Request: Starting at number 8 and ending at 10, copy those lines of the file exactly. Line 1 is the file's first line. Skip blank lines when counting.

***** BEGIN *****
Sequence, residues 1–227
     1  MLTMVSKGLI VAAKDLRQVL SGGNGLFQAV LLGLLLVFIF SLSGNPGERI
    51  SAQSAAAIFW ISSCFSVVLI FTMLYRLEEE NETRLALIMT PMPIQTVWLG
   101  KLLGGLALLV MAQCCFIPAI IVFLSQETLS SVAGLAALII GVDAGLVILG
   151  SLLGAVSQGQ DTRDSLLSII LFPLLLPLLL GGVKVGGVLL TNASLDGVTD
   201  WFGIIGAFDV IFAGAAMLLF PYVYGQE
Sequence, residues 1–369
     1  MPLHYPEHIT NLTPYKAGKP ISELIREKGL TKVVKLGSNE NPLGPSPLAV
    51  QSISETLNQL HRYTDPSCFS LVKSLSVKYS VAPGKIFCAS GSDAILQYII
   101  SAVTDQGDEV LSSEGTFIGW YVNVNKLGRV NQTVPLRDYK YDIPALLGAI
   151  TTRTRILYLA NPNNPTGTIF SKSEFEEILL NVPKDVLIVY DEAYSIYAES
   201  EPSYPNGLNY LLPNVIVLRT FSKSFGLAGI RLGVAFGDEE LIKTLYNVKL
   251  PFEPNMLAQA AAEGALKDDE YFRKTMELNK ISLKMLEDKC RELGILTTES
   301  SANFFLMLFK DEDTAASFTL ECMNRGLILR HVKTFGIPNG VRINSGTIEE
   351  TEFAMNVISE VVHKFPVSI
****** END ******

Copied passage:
     1  MPLHYPEHIT NLTPYKAGKP ISELIREKGL TKVVKLGSNE NPLGPSPLAV
    51  QSISETLNQL HRYTDPSCFS LVKSLSVKYS VAPGKIFCAS GSDAILQYII
   101  SAVTDQGDEV LSSEGTFIGW YVNVNKLGRV NQTVPLRDYK YDIPALLGAI